By Karen Trappett
Byron kept his kitchen fastidiously clean; his pride and joy, and his livelihood. The stainless-steel countertops gleamed from constant rubbing and buffering between sittings and the copper-bottomed pots shimmered under the bright halogen downlights – placed with regimented precision above the work surface.
Taking off his chef’s hat and placing it on the pass, he gently fondled the brass knobs of the cooktop as he walked to the pantry to retrieve his coat. It was going to be a chilly night, he thought, as he put on the tweed jacket and draped the worsted scarf around his neck. Quite dashing. His reflection smiled back at him: a youngish man of thirty-five with nary a hair of grey, strong cheekbones, up-turned lips and dangerous smoky eyes. Seeming quite pleased with himself, he ran his fingers through his hair and flicked his mane gracefully, almost in slow motion. Damn, I’m good looking.
Enjoying his little love affair with himself, he failed to hear footsteps behind him. The small giggle made him jump and he involuntarily shivered.
‘Damn! Don’t sneak up on a guy, Emma. I thought you’d left already.’
‘Caught you preening, did I?’ Emma heartily laughed and sidled up to him. ‘Aww, don’t let me stop you.’
‘Ha ha. Very funny. I’m sure lots of people admire themselves; when they’re on their own.’ He straightened his coat and moved towards the door, but Emma was quicker and blocked the doorway.
‘Well, I admire you. I think you look great.’ She took his hands, settled inside the folds of his coat and pulled his hands behind her. ‘Mmm, I love the feel of a damn fine tweed, almost as much as the smell of Aramis.’
‘How did you know the name of my after-shave? I didn’t think they sold that anymore?’ He didn’t want to move, it felt too good. I had no idea she felt like this; I would have approached her sooner.
She rubbed her cheek against the stubby bristles of his chin. It sounded like sandpaper but Emma purred and drank in his scent, before reaching to tug at his lip with her teeth.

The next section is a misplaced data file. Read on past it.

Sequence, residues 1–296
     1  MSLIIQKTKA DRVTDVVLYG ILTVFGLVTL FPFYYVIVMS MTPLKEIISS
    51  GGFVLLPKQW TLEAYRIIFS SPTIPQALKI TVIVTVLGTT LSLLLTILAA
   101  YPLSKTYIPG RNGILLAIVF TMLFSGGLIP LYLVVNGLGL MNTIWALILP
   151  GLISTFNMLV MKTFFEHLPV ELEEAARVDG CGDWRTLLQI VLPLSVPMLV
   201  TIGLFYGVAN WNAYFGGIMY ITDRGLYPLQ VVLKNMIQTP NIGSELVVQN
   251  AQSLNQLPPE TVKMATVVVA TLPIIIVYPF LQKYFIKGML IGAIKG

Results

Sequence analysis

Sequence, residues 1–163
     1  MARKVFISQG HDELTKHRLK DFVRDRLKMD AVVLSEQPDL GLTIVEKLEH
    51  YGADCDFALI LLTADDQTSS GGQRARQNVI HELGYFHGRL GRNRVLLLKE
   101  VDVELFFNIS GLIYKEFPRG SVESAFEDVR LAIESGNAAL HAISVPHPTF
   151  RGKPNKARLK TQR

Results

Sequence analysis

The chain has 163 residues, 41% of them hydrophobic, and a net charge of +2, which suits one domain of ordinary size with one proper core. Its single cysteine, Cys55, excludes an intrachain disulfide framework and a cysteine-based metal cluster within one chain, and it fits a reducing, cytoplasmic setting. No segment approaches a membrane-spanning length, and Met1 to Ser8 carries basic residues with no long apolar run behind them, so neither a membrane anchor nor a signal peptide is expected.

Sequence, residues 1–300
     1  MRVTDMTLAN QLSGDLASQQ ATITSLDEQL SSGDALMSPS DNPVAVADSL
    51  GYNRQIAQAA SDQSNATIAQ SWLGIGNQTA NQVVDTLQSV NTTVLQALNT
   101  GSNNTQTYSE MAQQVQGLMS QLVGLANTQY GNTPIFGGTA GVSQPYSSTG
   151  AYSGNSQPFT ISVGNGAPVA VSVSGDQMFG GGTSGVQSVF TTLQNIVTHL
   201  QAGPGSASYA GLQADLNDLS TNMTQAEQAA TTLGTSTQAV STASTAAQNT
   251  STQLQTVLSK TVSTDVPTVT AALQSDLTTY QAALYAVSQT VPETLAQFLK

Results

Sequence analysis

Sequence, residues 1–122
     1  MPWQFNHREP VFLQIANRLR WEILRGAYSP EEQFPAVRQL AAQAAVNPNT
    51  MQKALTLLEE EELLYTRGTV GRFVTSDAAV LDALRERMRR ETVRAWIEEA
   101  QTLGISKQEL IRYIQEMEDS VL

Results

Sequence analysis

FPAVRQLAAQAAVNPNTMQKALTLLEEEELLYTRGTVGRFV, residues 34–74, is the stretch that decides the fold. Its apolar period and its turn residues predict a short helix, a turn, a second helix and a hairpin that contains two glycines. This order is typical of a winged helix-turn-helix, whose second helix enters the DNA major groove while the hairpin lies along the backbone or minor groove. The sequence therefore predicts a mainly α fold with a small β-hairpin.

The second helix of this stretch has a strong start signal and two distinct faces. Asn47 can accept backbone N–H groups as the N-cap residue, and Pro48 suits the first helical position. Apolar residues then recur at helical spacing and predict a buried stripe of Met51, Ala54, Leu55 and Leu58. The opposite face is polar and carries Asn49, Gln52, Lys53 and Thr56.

‘My dad always used Aramis,’ she whispered, ‘It smells so strong and sweet, I just want to draw in the fragrance to my soul.’
She licked his cheek and he groaned. He stroked her auburn bangs and looked into her smoulderingly azure eyes, framed by the most remarkably long eyelashes. Taking in her pouting rose lips he gently brushed them with his own, before crushing them with increasing urgency.
His coat and scarf fell to the floor and lay crumpled under the pass. She laughed while she undid the buttons of her blouse. One, two, three; time stood still while Byron watched, his tongue moistening the roof of his mouth as he fumbled with his own clothing. Her blouse covered his coat and scarf and were quickly followed by others, in a slow-motion shedding of the barriers between them. Locked together once again, they crossed the tiled floor in a writhing and twisting dance of wildness.
The gleaming countertop, polished and shining in a dazzling glow, became a smorgasbord of shared delights. The rising soufflé, the mixing of the béchamel, the crack of the crème caramel, and the decadence of the croquembouche, a cream-filled pastry with swirls of sticky toffee signalling the pièce de résistance.
Synchronised sighs and frosted breath filled the space above them.
Byron was the first to notice the coldness of their mingling place and he shivered. Emma lay on top of him and pressed him onto the icy bench. His front was warm but he had to move or run the risk of hyperthermia.
He lifted her head towards him, ‘Emma, we’ll have to move, it’s too cold.’
‘Just a little longer.’ Her head dropped back down on his chest.
‘I’ve got a fireplace at home, you know.’
Her head immediately bobbed up. ‘OOH, I’ve always wanted to do it in front of a fireplace; almost as much as I’ve wanted to do it on this benchtop.’
Byron looked down at Emma and they both laughed.
Karen Trappett is a third-year university student in Brisbane (Australia), studying Bachelor of Arts: Writing, Communication & Cultural Studies which will be completed mid-2019. She is a Christian and is married with three adult daughters. She has had three short stories published so far and another will be published in a university anthology in early 2019. She loves to write uplifting and empowering stories and hopes to continue to be a life-long writer.
Her personal website is www.karentrappett.com